Okay, this is where we have to start, all of us. We tend to use our excuses to rationalize our not-acting and it sounds so like the truth, doesn’t it? You can’t go to the gym because you have kids, or because you don’t have the money to join, or because… I’m sure you know where I am going with this. And fact is, while there’s some truth in this, getting to where you want to be first of all requires a commitment to stop making these excuses. For if we don’t, we can’t work on making things work.
Face what is actually holding you back
As I said earlier, there is a good reason why we make excuses, usually to protect ourselves. And it is way easier to cut out the excuses if we know why we are making them in the first place. The number one reason is fear—fear of the unknown, of failure, of others’ responses. Any of these might do it. Maybe you don’t go to the gym because you are afraid of losing friends as you change your lifestyle, or you are afraid of being judged as a bad mother if you take all that time for yourself? Fear keeps us in our comfort zone—the life we consider safe because we know it. But if we find out what is really keeping us back, we have taken the first step to overcome it.
Be specific about your goal(s)
It is much easier to overcome excuses if we determine exactly what we want to reach. Let’s stick with my gym example: I had a hard time getting started but once I discovered I sort of liked these yoga classes and set specific goals—to go twice a week (third time gets an extra Yay! when it happens), to be able to stand on one leg for five slow breaths, to lose ten pounds—things have been much easier. Try to set at least two parameters for your goal that set a timeframe and/or make it measurable. It’ll help!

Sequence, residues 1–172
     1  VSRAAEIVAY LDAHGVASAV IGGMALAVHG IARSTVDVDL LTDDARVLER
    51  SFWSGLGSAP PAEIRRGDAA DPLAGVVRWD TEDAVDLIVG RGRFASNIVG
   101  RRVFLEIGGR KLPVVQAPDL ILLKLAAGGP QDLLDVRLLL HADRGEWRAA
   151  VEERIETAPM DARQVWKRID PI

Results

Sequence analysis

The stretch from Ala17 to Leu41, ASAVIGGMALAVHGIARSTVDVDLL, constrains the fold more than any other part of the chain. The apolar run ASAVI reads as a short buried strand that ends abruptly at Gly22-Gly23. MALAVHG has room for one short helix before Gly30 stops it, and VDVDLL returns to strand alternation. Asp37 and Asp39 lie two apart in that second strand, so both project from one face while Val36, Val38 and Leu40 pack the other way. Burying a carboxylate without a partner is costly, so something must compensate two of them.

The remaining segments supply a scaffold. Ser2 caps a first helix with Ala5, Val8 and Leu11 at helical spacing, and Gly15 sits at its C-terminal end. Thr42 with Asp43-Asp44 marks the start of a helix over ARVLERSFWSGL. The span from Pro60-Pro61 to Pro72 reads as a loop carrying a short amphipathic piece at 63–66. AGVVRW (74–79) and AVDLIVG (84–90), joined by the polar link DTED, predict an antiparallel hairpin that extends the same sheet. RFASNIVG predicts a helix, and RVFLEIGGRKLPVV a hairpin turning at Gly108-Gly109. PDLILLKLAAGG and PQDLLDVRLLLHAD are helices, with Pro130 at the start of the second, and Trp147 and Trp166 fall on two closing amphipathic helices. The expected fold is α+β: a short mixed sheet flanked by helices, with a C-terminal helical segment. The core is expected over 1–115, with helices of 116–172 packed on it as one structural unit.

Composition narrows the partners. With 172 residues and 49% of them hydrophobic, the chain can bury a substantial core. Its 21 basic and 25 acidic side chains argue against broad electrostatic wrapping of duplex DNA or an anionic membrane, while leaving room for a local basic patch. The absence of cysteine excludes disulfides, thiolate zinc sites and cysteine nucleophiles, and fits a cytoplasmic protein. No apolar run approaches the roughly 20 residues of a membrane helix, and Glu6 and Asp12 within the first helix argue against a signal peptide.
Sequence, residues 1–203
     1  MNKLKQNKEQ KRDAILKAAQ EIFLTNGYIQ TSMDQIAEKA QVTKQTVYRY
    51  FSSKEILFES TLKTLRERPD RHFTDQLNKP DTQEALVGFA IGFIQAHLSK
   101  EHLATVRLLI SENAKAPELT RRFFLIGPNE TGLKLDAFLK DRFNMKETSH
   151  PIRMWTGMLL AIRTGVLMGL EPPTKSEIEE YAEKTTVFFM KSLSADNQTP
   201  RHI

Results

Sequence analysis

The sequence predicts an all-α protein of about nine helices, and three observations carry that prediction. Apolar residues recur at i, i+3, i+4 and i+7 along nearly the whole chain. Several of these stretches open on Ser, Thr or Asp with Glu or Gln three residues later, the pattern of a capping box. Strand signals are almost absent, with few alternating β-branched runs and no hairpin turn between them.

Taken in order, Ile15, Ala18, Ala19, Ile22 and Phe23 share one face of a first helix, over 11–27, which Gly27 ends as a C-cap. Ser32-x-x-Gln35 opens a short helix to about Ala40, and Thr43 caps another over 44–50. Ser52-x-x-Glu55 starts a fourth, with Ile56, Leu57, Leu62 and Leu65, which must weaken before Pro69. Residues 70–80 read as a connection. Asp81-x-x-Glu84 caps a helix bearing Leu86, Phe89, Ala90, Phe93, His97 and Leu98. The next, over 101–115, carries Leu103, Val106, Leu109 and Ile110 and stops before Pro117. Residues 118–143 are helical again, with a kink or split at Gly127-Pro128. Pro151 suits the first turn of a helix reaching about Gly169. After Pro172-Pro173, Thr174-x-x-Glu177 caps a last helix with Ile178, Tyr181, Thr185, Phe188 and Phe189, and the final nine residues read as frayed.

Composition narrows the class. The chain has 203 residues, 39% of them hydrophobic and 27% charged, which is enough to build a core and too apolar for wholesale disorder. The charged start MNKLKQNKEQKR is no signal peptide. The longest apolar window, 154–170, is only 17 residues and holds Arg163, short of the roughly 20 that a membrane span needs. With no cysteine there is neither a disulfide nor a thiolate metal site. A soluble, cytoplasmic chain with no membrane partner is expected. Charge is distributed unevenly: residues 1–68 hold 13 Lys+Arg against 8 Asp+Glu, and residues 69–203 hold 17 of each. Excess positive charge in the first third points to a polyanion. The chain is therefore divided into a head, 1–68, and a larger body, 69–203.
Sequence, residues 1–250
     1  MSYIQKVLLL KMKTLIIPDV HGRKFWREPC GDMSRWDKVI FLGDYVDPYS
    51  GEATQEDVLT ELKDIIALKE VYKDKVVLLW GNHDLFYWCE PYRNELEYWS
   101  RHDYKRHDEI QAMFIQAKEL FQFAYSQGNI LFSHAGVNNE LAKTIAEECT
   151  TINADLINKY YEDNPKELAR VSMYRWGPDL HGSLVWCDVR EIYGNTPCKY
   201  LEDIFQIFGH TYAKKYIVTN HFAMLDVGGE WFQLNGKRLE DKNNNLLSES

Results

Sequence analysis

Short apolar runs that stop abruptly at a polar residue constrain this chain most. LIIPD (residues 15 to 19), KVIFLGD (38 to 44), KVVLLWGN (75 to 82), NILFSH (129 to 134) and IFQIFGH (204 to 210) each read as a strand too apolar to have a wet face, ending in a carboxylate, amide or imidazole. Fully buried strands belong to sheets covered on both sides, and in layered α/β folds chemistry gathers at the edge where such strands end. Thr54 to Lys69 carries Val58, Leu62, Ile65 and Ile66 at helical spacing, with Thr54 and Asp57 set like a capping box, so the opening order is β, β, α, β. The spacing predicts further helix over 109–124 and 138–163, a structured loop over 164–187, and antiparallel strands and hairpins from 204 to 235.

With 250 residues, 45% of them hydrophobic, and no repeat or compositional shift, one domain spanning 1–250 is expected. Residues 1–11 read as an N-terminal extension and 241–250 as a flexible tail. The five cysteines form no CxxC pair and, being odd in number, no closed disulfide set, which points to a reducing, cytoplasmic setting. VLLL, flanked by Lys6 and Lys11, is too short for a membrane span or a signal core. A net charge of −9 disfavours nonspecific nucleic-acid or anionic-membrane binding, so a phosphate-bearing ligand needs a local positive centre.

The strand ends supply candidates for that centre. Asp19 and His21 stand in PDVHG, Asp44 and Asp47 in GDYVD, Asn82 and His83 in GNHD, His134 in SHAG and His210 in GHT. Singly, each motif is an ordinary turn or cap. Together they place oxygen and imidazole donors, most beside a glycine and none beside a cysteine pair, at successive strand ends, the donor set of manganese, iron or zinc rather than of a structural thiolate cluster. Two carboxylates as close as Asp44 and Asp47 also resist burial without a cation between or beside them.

Stop comparing yourself to others
Bear with me and my yoga class for a little longer: Fact is, I am highly competitive. That makes yoga a particular challenge for me because I used to be hyper-flexible and a gymnast—back in grade school. Fast-forward a few decades and my flexibility is not quite what it used to be. It’s hard to be in yoga class and see young women who are much better at it, the way I used to be. But I can’t let myself use this as an excuse! I have decided that I’ll keep practicing and one day I will be this amazingly fit 60- or 70-year-old—maybe not amazingly fit by college-age standards, but definitely by my own. Point is, you’ll have to give yourself a chance to succeed and be your own best self.
Know that you can change
Often we get stuck in our old ways because we have certain beliefs about ourselves, and we think we can’t change those—because this is who we are, right? Not so. Don’t believe people who tell you that we can’t change. We can—if we want to. It takes a growth mindset and an effort and it’s not easy, but if you really want to accomplish something, it can be done.
If you want some support in your journey to cut the excuses and make efficient changes, let’s talk! You can send me a message or schedule a free 30-minute consult through my website to let me know what exactly you’re struggling with and we can explore how I could help you succeed.